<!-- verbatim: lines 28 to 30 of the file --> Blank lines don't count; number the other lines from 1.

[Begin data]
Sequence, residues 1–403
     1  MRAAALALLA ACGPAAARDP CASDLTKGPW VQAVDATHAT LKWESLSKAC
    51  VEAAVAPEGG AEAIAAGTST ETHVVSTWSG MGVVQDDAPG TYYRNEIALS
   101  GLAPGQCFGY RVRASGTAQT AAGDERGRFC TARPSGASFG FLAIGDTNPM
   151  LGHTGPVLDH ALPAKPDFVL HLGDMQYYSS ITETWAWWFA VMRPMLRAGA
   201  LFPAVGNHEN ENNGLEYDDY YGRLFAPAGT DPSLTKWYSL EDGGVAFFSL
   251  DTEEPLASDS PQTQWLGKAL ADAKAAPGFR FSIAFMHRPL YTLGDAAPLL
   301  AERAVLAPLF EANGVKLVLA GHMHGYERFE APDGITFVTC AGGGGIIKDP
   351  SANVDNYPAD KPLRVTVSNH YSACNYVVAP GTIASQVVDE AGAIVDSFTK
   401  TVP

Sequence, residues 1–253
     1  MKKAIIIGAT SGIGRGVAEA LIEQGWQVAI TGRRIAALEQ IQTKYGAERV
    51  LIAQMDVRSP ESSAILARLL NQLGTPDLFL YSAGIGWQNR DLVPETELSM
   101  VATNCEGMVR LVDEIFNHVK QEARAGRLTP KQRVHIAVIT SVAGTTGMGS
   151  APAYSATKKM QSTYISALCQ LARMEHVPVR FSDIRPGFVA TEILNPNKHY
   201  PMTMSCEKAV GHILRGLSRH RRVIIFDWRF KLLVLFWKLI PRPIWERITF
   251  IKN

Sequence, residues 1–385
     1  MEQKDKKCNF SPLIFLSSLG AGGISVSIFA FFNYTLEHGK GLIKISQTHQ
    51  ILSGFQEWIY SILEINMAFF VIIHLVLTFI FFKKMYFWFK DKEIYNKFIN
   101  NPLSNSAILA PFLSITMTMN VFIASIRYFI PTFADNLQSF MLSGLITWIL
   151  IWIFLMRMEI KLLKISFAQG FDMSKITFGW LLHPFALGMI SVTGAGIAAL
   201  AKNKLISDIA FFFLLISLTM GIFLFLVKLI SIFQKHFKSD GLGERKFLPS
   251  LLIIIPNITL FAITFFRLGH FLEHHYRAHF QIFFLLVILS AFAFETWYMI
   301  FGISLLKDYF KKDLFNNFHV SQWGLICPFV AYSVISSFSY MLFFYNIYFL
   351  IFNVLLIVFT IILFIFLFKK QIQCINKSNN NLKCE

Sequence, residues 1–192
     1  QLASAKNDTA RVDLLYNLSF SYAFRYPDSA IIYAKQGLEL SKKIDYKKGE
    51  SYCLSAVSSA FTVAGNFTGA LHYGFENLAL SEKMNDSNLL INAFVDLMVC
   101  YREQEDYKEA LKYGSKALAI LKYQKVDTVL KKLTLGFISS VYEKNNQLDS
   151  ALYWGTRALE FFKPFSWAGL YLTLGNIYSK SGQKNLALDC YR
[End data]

     1  QLASAKNDTA RVDLLYNLSF SYAFRYPDSA IIYAKQGLEL SKKIDYKKGE
    51  SYCLSAVSSA FTVAGNFTGA LHYGFENLAL SEKMNDSNLL INAFVDLMVC
   101  YREQEDYKEA LKYGSKALAI LKYQKVDTVL KKLTLGFISS VYEKNNQLDS